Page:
If it’s not emotional, I’d rather not be in it.

How long do you work on a song?

I don’t revise very much. I hammer through it and find the best way to phrase it. Most of my songs are three- or four-hour writes with my co-writers. If it’s by myself, it’s three or four days. I’m good for a chorus and a verse by myself, then I have to come back the next day.

When you’re looking to write, what’s your routine.

I’m very careful not to watch TV or listen to the radio when I first wake up. I get up and ask myself if I have something to say.

Was it easier to write when you were first signed to a label deal?

No. There was so much pressure to get a song right then…I was feeling such pressure to get a song, every day, right then. Eventually, I was going in, getting high and sitting there. There are a couple of people I’d like to do it with again. Leslie Satcher’s one of them. I was so over it by that day that we were supposed to write together, but she’s such a great writer. I got something productive with her, but it was all her. I was just not caring. She was very talented.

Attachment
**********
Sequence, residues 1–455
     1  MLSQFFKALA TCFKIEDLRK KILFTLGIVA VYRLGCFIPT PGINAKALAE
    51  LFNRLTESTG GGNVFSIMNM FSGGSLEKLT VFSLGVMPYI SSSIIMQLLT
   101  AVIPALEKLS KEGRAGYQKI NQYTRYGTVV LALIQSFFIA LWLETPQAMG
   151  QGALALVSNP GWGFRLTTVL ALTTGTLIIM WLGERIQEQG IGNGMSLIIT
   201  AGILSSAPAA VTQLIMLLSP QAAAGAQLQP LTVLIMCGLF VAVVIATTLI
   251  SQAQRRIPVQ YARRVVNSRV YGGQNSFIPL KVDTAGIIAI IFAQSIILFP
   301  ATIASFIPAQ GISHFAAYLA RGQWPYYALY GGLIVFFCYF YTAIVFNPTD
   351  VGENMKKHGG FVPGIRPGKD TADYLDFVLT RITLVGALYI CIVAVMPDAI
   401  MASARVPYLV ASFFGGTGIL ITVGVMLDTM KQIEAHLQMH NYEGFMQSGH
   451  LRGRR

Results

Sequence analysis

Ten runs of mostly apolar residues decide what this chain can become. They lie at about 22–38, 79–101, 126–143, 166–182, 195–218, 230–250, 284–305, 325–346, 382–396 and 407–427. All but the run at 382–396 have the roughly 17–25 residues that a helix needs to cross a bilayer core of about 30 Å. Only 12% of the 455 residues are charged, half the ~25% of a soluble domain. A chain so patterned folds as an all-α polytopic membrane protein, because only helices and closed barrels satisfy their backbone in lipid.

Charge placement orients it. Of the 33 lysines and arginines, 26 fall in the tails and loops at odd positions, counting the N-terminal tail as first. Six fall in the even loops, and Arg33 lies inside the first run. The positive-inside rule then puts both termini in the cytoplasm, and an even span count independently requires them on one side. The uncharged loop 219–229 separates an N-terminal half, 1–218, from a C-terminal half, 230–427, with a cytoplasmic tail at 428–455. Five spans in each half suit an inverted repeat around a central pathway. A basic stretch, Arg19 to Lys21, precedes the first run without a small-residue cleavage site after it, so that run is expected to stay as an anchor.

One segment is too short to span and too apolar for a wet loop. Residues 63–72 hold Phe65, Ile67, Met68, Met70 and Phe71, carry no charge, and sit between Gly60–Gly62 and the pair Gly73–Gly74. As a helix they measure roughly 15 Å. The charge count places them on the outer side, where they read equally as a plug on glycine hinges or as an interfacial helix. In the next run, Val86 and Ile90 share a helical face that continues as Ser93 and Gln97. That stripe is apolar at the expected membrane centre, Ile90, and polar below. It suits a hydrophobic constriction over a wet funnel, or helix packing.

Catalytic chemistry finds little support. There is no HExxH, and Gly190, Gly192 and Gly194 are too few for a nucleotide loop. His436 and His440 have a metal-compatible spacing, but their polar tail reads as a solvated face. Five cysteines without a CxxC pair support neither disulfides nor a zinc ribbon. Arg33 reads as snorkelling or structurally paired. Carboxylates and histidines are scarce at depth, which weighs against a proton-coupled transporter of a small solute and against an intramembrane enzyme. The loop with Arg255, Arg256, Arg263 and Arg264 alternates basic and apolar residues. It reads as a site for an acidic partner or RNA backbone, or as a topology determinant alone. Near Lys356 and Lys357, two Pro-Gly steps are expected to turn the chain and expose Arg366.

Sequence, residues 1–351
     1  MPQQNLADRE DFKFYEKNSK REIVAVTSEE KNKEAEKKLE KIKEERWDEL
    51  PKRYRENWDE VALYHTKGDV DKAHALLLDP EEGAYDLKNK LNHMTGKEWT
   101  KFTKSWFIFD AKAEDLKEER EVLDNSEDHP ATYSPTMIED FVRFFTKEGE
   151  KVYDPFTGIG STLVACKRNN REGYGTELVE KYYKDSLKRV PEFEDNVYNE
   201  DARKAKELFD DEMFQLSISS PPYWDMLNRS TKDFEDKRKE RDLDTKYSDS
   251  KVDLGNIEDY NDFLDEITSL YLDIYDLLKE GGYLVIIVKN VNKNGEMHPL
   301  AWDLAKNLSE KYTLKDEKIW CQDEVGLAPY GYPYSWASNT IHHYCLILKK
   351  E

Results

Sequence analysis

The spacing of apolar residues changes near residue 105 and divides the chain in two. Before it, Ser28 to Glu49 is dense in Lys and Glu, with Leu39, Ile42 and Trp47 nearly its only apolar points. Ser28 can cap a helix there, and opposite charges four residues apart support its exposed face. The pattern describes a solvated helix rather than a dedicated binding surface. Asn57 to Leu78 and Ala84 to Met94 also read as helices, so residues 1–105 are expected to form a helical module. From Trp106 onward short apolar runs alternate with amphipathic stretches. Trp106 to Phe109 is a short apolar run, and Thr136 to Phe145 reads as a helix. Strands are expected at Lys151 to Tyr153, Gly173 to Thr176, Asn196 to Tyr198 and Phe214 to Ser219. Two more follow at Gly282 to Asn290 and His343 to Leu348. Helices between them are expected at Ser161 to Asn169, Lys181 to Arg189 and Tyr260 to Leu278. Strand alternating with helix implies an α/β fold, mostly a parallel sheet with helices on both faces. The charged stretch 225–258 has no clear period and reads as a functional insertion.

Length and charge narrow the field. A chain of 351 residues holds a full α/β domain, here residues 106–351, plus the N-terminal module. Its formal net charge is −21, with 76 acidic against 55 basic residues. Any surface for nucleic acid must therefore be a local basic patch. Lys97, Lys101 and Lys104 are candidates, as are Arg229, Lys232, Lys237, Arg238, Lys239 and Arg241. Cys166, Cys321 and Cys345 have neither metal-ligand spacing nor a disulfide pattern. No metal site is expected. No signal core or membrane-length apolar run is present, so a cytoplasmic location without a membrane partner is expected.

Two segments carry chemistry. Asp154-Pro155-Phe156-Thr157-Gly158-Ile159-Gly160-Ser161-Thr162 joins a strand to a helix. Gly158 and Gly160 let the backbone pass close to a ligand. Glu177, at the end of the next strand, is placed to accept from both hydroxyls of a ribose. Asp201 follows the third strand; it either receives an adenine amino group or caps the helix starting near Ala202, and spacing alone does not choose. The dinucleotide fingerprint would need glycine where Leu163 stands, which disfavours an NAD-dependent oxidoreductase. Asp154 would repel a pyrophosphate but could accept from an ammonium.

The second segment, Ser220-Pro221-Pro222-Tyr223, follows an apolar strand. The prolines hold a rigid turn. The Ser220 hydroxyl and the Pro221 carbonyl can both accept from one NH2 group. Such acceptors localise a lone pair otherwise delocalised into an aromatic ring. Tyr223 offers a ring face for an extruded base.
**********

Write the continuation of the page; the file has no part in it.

What’s the state of the country song? Are you interested in anything you hear on the radio?

I can’t listen to the radio much. I haven’t listened to the radio for a long time. I don’t even know if we have a genre anymore. I think that’s the biggest thing I got from touring with Rascal Flatts. There’s not even really a country genre. You’ve got just as much pop as country. I was baffled on that Flatts tour…going, “I just don’t get it.”

Is part of that due to the fact that co-writing is now a mandate and that songs are written by committee? There are more hit songs written by three people now than are written by one.

The result of that is we won’t get the Kris Kristoffersons, the deep thoughts of anybody. You’ll get the surface thoughts we think are the most marketable. It’s just a drag. That said, I like to write with people. I feel like other writers relax more when they write with me, ‘cause I’m not as much in the box.

What songs were hard for you to write?

Both “Putting Memories Away” and “Yesterday’s Rain” were hard. Both of those directly deal with my ex.

You’re a pretty private person. Why not avoid that kind of autobiography?